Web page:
Rantoul school to stay closed till damage is fixed

RANTOUL — Broadmeadow Elementary School will remain closed while school district officials work on repairs to storm damage from the weekend.

Rantoul City Schools Interim Superintendent Michelle Ramage and other district officials met with engineers Monday morning, and Ramage said estimates for the damage were not known yet.

"I just don't imagine we'd have that (by Monday)," Ramage said.

Ramage said she wasn't sure how long the building would be closed.

Teachers came by around noon Monday to pick up a few items, but besides that, the building is closed for the time being.

"I know that the roofers talked about it taking four to five days for them to take care of what they need to take care of," Ramage said. "We're looking at a couple weeks probably."

Broadmeadow has summer school classes, but those were canceled Monday. Ramage said the district will use Eastlawn Elementary School, 650 N. Maplewood Ave., for the remainder of its summer school classes.

A barricade was placed at the front of the school, located at 500 Sunview Road, limiting access to vehicles and pedestrians Monday morning.

The main parking lot of the school is to the right of the building and in the back, where most of the damage took place. Parts of the roof and debris from the building were scattered along the fence located to the left of the school, in a large swath of grass. Trees were damaged just upon the main entrance to the right of the school.

The damage was caused by a brief thunderstorm that rolled through Rantoul about 12:45 p.m. Saturday.

Rantoul Fire Chief Ken Waters said the storm was brief and isolated.

"It just kind of swooped down, and it was gone," Waters said, noting that damage was due to straight-line winds.

"One of my firemen said rain was going horizontal for just two to three minutes."

The storm dropped about 0.60 inch of rain.

Waters said he was at his shop about a mile from the school and heard only a little thunder.

"When we got (to the school), oh my gosh," Waters said.

He said a neighbor called police, saying "something wasn't right at the school."

After hearing the officer's dispatch that there was damage at the school, Waters and other firemen headed there with equipment, including the fire department ladder truck.

Waters viewed the extent of the roof damage and said there were 3 to 4 inches of water in the gymnasium.

"Steve Hatfield (of Rantoul City Schools) was calling people in to try to save the gym floor," Waters said.

Damage was confined primarily to the Broadmeadow Road area.

A large tree limb came down on the roof of a house about two blocks from the school along U.S. 136.

Greg Hazel, Rantoul director of public works, said the storm did not cause any electrical outages or related problems in the village.

He said village employees spent Monday morning "picking up branches and brush from the (area) along Broadmeadow (Road).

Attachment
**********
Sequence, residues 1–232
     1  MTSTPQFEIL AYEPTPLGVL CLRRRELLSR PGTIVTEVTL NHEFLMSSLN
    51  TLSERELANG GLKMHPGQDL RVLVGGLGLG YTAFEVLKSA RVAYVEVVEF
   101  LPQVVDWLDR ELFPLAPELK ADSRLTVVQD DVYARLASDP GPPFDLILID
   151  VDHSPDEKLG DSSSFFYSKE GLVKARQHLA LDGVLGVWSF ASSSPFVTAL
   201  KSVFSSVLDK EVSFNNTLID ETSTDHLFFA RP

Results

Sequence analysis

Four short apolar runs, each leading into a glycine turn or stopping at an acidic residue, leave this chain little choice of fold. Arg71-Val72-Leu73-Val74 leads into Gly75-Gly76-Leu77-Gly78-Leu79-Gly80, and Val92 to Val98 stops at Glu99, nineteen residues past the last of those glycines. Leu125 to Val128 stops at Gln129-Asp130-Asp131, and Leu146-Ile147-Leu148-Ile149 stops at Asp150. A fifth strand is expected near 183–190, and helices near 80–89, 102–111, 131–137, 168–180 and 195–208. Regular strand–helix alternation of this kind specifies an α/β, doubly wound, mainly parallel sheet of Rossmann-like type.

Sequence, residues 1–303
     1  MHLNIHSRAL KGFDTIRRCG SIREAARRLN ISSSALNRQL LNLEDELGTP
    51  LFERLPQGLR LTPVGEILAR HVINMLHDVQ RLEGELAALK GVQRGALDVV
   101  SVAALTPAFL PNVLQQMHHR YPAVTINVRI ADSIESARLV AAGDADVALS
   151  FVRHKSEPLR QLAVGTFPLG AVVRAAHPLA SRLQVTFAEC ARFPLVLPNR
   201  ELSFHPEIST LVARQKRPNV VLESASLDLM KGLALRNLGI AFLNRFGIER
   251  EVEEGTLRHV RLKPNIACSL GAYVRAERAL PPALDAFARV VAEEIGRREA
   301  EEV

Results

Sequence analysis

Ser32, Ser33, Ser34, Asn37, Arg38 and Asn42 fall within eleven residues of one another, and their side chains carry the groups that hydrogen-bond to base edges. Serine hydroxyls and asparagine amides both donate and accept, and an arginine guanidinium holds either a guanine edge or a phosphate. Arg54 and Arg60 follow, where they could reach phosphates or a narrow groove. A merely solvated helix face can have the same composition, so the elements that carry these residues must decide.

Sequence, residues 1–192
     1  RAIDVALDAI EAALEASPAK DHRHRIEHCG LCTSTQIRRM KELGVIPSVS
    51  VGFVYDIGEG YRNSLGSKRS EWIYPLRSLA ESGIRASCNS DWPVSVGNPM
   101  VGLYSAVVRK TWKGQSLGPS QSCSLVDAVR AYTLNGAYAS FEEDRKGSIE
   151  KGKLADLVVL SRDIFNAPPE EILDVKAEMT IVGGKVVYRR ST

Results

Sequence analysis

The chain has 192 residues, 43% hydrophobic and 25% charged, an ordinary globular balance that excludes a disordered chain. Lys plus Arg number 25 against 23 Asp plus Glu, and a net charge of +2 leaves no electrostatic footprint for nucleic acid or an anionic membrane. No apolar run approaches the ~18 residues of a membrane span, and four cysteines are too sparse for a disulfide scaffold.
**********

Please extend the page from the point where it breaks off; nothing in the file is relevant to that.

"It was really a concentrated area," Waters said.

Ramage received a phone call Saturday afternoon around 1:30 p.m. informing her the roof had been blown off.

"I got here in 15 minutes, and we came in," Ramage said. "By that time, a firetruck was already here and custodians were here. We just walked around in a bit of a daze because the damage was quite extensive."

Ramage said standing water was in the gym when she arrived.

"Our buildings and grounds guys were here, and they had shut off the power," Ramage said. "No lights were on, but the gym was pretty bright from the light from the holes in the roof."

Ramage said the roof is 3 to 4 years old. Ramage said damage happened on the north side of the building where the fifth-grade wing is in several classrooms.

"The way it was kind of described to me, the roof came off the gym, and those pieces bounced across that wing," Ramage said. "That damaged the roof all along the side. When you walk into some classrooms, there are some classrooms that water came in, and you could see the sky."

Ramage said some computers were damaged, but "there was not extensive damage in the classrooms."

Ramage, who lives in Mahomet, said she was stunned when she received the phone call Saturday afternoon.

"I thought, 'You've got to be kidding me,'" Ramage said. "It was even sunny at my house. When we came near here, you could tell that it had rained quite a bit, and there were a couple of trees down along (U.S.) 136, but it had rained enough that we were standing in water in the gym."

With another set of storms Saturday night dropping more rain on the building, Ramage said workers were at the school well into Sunday morning trying to secure temporary covering over the roof to prevent any more water damage.

Ramage has been the district's interim superintendent since February 2011 and was named in May as the district's full-time superintendent, which doesn't become official until July 1. She said the response from various staff in the district, community members, the Rantoul Police Department and Rantoul Fire Department, was gratifying to see.

"For as awful as the situation was, I have been so impressed," Ramage said. "It was just incredible. People are so nice, so helpful and so genuine. We could have had people screaming and yelling at each other, but they were terrific.

"Everybody immediately went into the mode of what can we do to fix things right now, and what plan do we need to make."

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